Scotland has become the first part of the UK to introduce a ban on parents smacking their children, bringing the country into line with many of our European counterparts. What will the effect of the new legislation be on Scottish families?
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The law never stands still, and the way it applies to you and your organisation is constantly evolving. Our people are on top of these developments and can keep you up to date with some of the most interesting aspects of these changes. Check out our articles and updates for our perspective on issues that might affect you.
This weekend sees the end of British Summertime where the country will carry out the annual "fall back". Whilst for many the clocks going back means a welcome, extra hour in bed, it also marks the official start of winter.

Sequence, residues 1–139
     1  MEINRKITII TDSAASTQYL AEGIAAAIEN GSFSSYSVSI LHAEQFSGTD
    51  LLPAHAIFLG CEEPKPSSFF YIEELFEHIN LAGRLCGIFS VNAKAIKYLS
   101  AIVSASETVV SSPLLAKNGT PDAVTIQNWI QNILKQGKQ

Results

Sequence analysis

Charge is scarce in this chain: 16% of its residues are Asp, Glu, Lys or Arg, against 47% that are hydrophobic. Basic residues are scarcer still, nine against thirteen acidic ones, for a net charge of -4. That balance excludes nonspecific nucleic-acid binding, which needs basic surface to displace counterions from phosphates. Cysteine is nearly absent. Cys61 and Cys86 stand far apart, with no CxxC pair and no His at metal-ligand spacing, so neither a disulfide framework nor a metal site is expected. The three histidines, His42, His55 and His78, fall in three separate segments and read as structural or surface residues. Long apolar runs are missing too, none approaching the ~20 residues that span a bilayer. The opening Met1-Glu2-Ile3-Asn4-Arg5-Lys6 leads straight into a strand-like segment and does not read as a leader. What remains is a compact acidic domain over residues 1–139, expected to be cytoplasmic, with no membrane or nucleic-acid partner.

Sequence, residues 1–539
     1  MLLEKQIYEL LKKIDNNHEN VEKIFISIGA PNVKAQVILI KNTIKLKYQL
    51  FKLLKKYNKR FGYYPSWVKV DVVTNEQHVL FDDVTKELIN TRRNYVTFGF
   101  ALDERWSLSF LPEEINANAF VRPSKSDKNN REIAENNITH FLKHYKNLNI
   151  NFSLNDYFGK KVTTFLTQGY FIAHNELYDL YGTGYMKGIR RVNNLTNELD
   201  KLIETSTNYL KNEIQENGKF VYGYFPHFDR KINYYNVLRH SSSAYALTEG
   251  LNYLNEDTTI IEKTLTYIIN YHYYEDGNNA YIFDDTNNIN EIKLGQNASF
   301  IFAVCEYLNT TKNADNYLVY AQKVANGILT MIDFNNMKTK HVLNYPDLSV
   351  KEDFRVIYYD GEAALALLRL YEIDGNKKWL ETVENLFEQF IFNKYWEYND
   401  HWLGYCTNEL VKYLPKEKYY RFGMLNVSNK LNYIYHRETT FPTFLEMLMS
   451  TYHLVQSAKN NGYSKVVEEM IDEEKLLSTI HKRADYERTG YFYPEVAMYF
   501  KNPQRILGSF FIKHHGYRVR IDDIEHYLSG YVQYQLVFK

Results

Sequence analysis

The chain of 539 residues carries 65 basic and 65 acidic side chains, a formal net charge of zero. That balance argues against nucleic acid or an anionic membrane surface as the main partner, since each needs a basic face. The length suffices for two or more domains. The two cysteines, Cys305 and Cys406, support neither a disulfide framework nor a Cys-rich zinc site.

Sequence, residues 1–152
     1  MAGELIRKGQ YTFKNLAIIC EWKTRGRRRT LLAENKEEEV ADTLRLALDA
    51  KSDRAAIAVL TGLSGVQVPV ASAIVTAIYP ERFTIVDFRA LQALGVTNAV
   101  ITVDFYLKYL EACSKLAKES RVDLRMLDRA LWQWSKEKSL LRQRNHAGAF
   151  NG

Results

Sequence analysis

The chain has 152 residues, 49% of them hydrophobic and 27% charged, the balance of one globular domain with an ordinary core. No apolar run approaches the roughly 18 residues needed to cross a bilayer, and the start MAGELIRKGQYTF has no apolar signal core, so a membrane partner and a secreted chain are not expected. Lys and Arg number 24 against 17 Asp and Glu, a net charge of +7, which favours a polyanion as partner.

What will a new Children (Scotland) Act 2020 mean for families? Part four – Section 11 orders, Curators Ad Litem, Contempt of court, explaining decisions to children
New laws relating to children in Scotland are currently being considered by the Scottish Parliament. In a series of short blogs, our Family Law will consider some of the key provisions of the Bill and how those could impact on practitioners and the families that we represent. In this blog, we look at proposed changes to how child welfare reporters are appointed and how child contact centres might be regulated.
Many individuals choose to appoint a professional such as their solicitor, for example, as their executor. This is quite different to their executor choosing to instruct solicitors to act for them in the administration. Professional executors are appointed often in practice for a variety of reasons and can be appointed alongside family members or on their own.
The Court of Protection in England recently ruled on whether an attorney acting under a Lasting Power of Attorney could legitimately use a donor's funds for the benefit of someone else. The case in question relates directly to English law, but provides some useful guidance for attorneys acting within Scotland.